Go-ahead given for La Charroterie redevelopment

PLANS to redevelop a block, which includes music shop Kendall Guitars, into housing have been given the go-ahead by planners.

Pic by Adrian Miller 03-01-20.Planning / environment.21 Charroterie St Peter Port.Demolish existing building and erect 3.5 storey building to create 4 apartments and one dwelling with associated parking... (27422637)
Pic by Adrian Miller 03-01-20.Planning / environment.21 Charroterie St Peter Port.Demolish existing building and erect 3.5 storey building to create 4 apartments and one dwelling with associated parking... (27422637)

Le Poidevin Ltd applied to demolish the existing buildings on La Charroterie and erect a 3.5-storey building to create four apartments and one dwelling, with associated parking.

The site comprises an industrial-style building, with a mix of granite and rendered walls, a shallow pitched and lean-to metal clad roof and it incorporates a high granite wall along the street frontage.

It is currently classed as retail.

Two letters of representation were received by the planners, objecting to the development, signed by six occupiers and owners of neighbouring properties.

They were concerned that the new building would seriously impede neighbouring privacy, natural light and peaceful living in the area.

St Peter Port constables did not make any comment on the plans.

The planning report said the current building did not make a positive contribution to the area.

‘The layout of the development, with buildings fronting onto La Charroterie, and the overall design, scale and form of the development, including stepping up in height between existing neighbouring buildings, narrow plot widths, vertical fenestration, pitched roofs and the palette of materials, reflects the existing local built environment,’ it stated.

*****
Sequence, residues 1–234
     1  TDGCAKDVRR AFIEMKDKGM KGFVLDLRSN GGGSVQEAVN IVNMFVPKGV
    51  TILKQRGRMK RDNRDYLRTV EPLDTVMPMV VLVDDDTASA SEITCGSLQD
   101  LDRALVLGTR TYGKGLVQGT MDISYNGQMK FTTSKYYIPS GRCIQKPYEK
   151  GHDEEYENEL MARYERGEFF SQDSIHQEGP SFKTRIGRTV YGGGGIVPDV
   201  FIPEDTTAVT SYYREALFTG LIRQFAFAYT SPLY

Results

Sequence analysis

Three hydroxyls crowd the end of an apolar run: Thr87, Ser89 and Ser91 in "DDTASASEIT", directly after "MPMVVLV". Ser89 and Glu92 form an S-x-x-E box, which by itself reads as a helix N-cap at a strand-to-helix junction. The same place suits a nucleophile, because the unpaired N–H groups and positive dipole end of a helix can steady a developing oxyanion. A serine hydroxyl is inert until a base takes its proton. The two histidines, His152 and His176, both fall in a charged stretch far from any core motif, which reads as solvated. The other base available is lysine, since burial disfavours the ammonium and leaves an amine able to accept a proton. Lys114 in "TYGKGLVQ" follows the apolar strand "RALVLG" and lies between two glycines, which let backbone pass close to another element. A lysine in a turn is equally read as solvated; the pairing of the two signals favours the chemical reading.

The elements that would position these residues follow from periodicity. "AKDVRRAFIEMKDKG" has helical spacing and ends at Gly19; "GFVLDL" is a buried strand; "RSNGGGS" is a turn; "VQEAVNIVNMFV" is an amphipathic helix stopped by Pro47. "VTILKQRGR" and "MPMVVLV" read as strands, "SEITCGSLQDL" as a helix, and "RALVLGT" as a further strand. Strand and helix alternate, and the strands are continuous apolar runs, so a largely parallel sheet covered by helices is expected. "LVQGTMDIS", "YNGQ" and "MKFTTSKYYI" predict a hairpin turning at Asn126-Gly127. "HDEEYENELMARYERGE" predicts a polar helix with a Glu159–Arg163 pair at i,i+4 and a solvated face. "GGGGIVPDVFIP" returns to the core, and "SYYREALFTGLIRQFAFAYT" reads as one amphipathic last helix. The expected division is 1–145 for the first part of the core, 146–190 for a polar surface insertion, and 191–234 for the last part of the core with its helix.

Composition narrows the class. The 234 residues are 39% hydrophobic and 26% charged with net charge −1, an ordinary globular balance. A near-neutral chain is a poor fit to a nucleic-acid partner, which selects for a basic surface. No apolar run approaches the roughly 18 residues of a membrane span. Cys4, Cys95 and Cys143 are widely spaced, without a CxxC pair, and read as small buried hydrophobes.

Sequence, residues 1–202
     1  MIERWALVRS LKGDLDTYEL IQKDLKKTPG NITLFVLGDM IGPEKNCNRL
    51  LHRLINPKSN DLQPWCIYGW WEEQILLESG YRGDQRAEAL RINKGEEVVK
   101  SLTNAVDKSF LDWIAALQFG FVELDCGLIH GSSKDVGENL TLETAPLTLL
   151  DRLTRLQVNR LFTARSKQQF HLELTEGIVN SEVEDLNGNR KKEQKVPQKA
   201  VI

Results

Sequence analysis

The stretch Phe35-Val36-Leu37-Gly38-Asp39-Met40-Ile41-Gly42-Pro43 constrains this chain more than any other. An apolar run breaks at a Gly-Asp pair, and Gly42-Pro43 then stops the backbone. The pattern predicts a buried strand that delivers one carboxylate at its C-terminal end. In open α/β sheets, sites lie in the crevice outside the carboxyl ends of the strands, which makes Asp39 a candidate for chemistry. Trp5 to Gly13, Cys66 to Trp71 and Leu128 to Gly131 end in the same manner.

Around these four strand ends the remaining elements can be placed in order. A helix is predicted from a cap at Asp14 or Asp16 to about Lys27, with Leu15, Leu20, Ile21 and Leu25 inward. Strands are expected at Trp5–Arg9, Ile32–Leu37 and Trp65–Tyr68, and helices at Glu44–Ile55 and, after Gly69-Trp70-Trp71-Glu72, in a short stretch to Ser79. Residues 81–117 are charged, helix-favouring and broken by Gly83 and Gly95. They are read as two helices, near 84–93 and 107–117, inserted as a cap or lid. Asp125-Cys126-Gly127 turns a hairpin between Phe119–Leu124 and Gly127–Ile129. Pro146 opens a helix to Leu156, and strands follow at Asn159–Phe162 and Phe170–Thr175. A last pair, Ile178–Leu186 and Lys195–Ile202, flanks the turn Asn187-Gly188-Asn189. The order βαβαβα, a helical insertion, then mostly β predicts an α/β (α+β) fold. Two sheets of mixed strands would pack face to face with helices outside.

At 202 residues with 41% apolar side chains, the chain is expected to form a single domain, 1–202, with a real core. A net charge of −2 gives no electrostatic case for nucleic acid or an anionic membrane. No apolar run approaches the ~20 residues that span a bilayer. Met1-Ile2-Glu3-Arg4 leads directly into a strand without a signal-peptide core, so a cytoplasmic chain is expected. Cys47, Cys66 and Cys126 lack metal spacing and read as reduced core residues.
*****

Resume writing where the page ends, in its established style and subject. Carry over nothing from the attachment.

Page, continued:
‘The density of the development is compatible with neighbouring developments, which include high density blocks of flats. The proposal achieves a particularly high standard of architectural design and would enhance the character and appearance of the conservation area and the setting of existing protected buildings.’

The report noted that the proposed dwellings all substantially exceeded the Guernsey Technical Standards minimum internal space standards.

It did accept that there would be some overlooking of neighbouring properties.

It is unclear what the plans could mean for Kendall Guitars, which is the last musical instrument shop in Guernsey and has been based on the site for about eight years. No one from the business wished to comment.

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